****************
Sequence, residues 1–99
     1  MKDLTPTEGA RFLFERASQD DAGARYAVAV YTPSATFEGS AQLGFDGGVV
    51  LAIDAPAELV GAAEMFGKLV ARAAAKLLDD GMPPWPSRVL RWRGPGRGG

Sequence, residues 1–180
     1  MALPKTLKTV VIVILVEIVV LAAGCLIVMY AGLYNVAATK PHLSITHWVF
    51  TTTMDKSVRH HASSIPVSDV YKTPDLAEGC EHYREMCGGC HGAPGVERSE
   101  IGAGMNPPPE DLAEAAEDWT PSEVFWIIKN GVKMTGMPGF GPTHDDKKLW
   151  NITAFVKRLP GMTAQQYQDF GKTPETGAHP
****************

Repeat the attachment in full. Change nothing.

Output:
Sequence, residues 1–99
     1  MKDLTPTEGA RFLFERASQD DAGARYAVAV YTPSATFEGS AQLGFDGGVV
    51  LAIDAPAELV GAAEMFGKLV ARAAAKLLDD GMPPWPSRVL RWRGPGRGG

Sequence, residues 1–180
     1  MALPKTLKTV VIVILVEIVV LAAGCLIVMY AGLYNVAATK PHLSITHWVF
    51  TTTMDKSVRH HASSIPVSDV YKTPDLAEGC EHYREMCGGC HGAPGVERSE
   101  IGAGMNPPPE DLAEAAEDWT PSEVFWIIKN GVKMTGMPGF GPTHDDKKLW
   151  NITAFVKRLP GMTAQQYQDF GKTPETGAHP